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I think I have a migraine


Not every headache is a migraine. Migraines are a type of headaches which usually affect one side of the head, forehead or around the eyes. The headache usually gets   worse with movement, bright light, loud noises.  It is often described as the worst type of headache because of the intense pounding and pulsating nature.

To read more about the different types of headaches, click here

The exact cause of a migraine is unknown but some of the risk factors and triggers include:

  • If you have a family history of migraines
  • Hormonal changes like menstruation (menstrual migraines)
  • Stress, insufficient sleep, depression
  • Strong smells and lights
  • Alcohol, caffeine
  • Medicines like contraceptive pills
  • Illness
  • Gender (Women are more likely to have migraines than men)

The symptoms would depend on the type of migraines you have. The two main types include:   

a) Common migraines (without auras) account for about 75% of migraine headaches.

b) Classic migraines (with auras- an aura is like a warning sign that you are about to have a migraine). An aura lasts about 15-30mins and could include some of the following symptoms:

                -Troubled vision

                -Difficulty speaking

                -Movement difficulties

                -Nausea, vomiting

For more detailed information about migraines, click here

 Your doctor will ask you many questions to determine if you have a migraine. You can have a migraine diary where you note all the times you felt you had a migraine, the triggers and the level of pain you felt. The doctors specialized in treating headaches are neurologists.

There is no single cure for migraines. Management include migraine remedies (non-medical) and some medications.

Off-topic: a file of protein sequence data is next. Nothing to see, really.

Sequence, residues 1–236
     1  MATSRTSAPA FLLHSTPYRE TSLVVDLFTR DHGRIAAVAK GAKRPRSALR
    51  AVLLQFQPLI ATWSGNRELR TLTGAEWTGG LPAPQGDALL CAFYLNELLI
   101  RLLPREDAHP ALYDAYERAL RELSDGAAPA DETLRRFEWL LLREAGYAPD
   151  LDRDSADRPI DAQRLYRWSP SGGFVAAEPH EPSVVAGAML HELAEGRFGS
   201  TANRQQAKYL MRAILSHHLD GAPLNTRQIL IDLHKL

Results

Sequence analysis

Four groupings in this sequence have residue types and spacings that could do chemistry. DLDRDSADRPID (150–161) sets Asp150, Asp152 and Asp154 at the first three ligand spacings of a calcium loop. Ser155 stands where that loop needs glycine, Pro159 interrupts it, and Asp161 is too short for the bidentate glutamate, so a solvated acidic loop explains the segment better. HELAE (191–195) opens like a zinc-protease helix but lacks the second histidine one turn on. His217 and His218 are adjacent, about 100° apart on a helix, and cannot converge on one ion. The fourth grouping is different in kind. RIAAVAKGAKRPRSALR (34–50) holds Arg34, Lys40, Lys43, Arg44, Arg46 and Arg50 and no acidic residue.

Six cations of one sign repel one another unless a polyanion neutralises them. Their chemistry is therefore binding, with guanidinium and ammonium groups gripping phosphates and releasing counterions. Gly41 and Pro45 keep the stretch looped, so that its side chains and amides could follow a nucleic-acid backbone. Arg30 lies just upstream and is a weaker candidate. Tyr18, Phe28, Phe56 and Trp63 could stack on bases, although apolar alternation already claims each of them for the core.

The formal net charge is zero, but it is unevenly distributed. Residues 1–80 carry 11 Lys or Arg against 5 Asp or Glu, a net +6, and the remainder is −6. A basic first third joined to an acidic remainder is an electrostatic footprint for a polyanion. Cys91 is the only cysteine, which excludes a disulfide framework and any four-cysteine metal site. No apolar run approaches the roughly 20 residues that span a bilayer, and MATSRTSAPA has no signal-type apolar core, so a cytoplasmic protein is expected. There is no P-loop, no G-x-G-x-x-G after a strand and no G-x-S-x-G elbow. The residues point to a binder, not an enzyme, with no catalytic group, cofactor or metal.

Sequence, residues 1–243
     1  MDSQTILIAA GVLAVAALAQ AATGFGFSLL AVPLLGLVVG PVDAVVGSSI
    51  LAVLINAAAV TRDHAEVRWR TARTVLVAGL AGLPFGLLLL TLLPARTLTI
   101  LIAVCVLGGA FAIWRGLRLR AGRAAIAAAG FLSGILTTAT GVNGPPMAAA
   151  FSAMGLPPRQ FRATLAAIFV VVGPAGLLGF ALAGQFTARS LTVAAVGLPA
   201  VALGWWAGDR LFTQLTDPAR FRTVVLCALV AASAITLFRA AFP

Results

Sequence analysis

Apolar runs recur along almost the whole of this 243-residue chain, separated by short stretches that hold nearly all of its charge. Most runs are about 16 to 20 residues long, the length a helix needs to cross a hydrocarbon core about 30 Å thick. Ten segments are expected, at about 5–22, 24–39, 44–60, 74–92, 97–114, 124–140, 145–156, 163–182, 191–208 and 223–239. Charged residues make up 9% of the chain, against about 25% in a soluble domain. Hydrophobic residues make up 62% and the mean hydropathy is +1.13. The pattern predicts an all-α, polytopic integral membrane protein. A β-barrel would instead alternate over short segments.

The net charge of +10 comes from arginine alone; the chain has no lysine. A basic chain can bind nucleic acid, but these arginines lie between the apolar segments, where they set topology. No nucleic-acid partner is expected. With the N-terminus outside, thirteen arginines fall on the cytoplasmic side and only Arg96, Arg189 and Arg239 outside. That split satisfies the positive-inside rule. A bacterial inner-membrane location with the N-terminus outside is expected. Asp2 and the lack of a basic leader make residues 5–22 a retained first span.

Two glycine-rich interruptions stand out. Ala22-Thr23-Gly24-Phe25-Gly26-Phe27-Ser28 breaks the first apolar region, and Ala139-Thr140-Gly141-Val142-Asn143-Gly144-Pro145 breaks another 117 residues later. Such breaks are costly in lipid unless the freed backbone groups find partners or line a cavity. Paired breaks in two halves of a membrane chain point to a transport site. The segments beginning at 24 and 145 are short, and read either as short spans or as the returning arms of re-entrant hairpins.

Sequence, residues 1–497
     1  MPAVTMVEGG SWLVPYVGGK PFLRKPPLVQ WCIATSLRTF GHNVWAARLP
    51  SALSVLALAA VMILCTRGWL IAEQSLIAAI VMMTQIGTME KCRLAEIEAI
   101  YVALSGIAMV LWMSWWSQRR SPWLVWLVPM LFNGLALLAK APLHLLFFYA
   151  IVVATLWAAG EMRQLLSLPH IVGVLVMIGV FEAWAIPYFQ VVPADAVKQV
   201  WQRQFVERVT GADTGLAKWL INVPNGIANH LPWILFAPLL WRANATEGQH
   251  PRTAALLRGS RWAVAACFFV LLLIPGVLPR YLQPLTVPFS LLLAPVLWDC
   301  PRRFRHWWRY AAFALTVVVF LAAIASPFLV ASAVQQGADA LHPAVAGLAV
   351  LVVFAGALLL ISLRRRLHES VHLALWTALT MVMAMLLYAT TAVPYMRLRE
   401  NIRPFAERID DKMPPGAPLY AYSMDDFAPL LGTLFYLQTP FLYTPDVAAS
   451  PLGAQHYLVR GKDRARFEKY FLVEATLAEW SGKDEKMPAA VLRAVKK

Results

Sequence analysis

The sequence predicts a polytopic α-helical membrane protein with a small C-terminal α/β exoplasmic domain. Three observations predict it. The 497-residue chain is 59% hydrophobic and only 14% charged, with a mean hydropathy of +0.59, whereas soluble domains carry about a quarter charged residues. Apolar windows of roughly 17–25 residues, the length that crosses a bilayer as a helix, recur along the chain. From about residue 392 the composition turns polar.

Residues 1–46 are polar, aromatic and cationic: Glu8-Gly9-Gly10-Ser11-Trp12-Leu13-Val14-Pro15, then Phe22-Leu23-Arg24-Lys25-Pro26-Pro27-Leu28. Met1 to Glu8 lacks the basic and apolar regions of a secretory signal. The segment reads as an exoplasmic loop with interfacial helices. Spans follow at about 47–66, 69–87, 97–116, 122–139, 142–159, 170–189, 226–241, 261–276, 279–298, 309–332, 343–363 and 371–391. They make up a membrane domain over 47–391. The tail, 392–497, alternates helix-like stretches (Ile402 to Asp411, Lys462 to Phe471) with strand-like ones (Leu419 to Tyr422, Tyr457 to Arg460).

Non-medical solutions such as:

  • Lie down in a quiet, dark room
  • Putting a cold cloth behind your neck or on your forehead
  • Massage your scalp with pressure

Medications include

  • Non-prescription pain medications like ibuprofen, paracetamol, naproxen should do.
  • In some cases you might be given an anti-nausea/vomiting medication
  • There are also some medications for the prevention of migraines.

Make sure to talk with your doctor/pharmacists before taking any medications, read drug labels and take recommended dose. You should note that overuse of headache medications can lead to medication overuse headaches (rebound headache)

To prevent future attacks, a few lifestyle changes could help like

  • Drinking a lot of water daily
  • Regular moderate physical exercises
  • Getting enough sleep and
  • Reducing stress

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Ekwoge Hilda

Dr. Ekwoge Hilda is a trained pharmacist from Cameroon and Co-founder of HILPharma. When she is not busy creating content, she slings pills to pay the bills.

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